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Re: st: frontier command and iteration problem
Dev Vencappa <firstname.lastname@example.org> wrote that while -frontier- declared
convergence for a given model and dataset combination when run under version
8.0, -frontier- does not declare convergence for that same model and dataset
combination when run under under version 8.2.
In the update of 05nov2003, the -nrtolerance(1e-5)- became the default
convergence criterion. I suspect that Dev's model/dataset combination
satisfies the old, weaker criterion, but not the -nrtolerance(1e-5)
Dev could use the -nonrtolerance- option in Stata 8.2 to verify that that
this is what is causing the difference.
Another possibility is that the default -nrtolerance(1e-5)- is too tight
while, say , -nrtolerance(1e-3)- is more appropriate for this model/dataset
combination. If loosening the tolerance induces convergence, then Dev will
probably want to see if the stricter -nrtolerance(1e-5) can be applied after
rescaling the variables, as mentioned below.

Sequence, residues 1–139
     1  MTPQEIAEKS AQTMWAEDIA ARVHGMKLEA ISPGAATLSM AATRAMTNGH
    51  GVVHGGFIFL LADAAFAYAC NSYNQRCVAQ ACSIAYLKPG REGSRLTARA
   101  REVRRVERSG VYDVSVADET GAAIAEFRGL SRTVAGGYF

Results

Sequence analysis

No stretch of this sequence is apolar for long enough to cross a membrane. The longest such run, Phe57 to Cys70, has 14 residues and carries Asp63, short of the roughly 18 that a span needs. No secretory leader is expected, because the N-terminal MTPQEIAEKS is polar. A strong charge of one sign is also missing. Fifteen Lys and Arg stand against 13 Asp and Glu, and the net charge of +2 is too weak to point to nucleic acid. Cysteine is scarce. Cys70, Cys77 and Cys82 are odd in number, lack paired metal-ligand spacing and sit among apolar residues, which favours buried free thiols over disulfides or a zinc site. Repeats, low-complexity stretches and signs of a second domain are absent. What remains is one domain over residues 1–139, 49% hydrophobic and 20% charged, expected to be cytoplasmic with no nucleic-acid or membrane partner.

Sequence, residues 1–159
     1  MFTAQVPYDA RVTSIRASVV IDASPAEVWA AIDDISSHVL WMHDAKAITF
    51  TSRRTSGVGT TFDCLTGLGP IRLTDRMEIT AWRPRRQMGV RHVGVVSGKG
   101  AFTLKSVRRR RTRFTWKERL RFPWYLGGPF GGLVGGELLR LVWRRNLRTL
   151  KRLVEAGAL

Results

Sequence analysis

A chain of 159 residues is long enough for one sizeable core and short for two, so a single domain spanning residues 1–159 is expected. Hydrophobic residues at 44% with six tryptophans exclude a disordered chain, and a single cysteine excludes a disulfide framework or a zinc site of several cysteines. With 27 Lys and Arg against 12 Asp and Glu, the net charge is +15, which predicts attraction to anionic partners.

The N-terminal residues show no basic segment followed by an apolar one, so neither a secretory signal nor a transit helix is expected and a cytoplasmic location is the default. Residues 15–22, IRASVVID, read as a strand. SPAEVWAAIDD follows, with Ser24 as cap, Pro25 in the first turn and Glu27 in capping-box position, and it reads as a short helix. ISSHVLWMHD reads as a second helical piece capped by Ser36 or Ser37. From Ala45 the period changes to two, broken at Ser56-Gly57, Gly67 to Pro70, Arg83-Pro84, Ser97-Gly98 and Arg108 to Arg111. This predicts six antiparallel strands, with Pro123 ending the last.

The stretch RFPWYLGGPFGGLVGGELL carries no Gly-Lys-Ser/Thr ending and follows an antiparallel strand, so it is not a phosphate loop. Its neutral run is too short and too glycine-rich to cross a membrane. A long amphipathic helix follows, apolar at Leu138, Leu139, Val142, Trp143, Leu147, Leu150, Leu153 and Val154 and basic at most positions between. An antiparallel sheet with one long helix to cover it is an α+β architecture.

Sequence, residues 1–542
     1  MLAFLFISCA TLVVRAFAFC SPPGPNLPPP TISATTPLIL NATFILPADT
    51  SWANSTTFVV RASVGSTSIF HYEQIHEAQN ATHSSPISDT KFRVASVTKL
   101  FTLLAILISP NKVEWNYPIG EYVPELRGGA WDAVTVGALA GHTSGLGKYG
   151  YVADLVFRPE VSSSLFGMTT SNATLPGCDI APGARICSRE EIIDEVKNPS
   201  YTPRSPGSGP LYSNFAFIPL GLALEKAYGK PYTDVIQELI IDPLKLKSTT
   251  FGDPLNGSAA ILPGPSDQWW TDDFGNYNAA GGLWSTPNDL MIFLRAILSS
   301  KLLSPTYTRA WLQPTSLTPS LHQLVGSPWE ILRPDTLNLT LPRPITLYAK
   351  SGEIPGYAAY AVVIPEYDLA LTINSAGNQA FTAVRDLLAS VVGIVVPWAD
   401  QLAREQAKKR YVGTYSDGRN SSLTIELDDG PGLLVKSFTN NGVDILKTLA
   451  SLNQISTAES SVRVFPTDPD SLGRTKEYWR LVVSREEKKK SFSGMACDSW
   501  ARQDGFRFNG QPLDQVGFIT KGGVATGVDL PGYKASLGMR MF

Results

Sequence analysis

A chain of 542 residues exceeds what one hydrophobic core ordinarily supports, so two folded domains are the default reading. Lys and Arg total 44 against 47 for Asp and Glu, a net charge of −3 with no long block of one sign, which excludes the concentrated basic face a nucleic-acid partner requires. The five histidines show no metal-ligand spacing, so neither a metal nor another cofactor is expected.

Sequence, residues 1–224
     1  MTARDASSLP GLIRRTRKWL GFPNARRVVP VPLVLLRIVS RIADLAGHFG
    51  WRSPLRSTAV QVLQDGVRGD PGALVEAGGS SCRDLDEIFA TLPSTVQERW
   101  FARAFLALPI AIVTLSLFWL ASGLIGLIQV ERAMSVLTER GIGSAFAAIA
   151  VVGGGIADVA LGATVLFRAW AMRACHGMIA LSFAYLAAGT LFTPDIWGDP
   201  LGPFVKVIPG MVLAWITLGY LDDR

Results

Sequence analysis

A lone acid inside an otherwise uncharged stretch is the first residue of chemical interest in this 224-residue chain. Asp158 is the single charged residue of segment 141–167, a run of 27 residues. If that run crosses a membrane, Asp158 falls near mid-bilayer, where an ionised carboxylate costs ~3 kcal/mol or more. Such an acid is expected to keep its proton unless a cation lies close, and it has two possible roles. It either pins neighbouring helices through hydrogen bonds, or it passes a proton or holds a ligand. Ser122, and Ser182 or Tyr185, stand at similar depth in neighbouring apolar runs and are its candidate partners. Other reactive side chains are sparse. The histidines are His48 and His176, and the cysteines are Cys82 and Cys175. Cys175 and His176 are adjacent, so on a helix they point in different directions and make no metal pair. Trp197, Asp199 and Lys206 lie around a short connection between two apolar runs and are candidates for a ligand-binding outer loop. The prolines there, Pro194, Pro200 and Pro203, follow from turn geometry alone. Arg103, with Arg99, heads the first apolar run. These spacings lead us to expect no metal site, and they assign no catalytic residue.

While it is not possible to make any definite statements without looking at
the Dev's results, I would hazard a guess the some of the standard errors
are missing in the results that Stata 8.0 declared converged. These missing
standard errors imply that the Hessian is not of full rank, which means that
the parameters of the model are not numerically identified by the dataset.
(See Drukker and Wiggins (2004) for more about this issue.)
I would recommend that Dev rely on the new, stricter criterion. Of course,
this implies that Dev now has a model/dataset combination that does not
converge. My experience with frontier models has taught me that a
multiplicative rescaling of the variables is one of the most successful
methods to induce convergence. These models converge more often when all
the independent variables are on the same scale. Using different starting
values can also make a difference.
I hope that this helps.
Drukker, D.M. and Wiggins, V. 2004. "Verifying the solution from a nonlinear
solver: A case study: Comment", American Economic Review, March 2004
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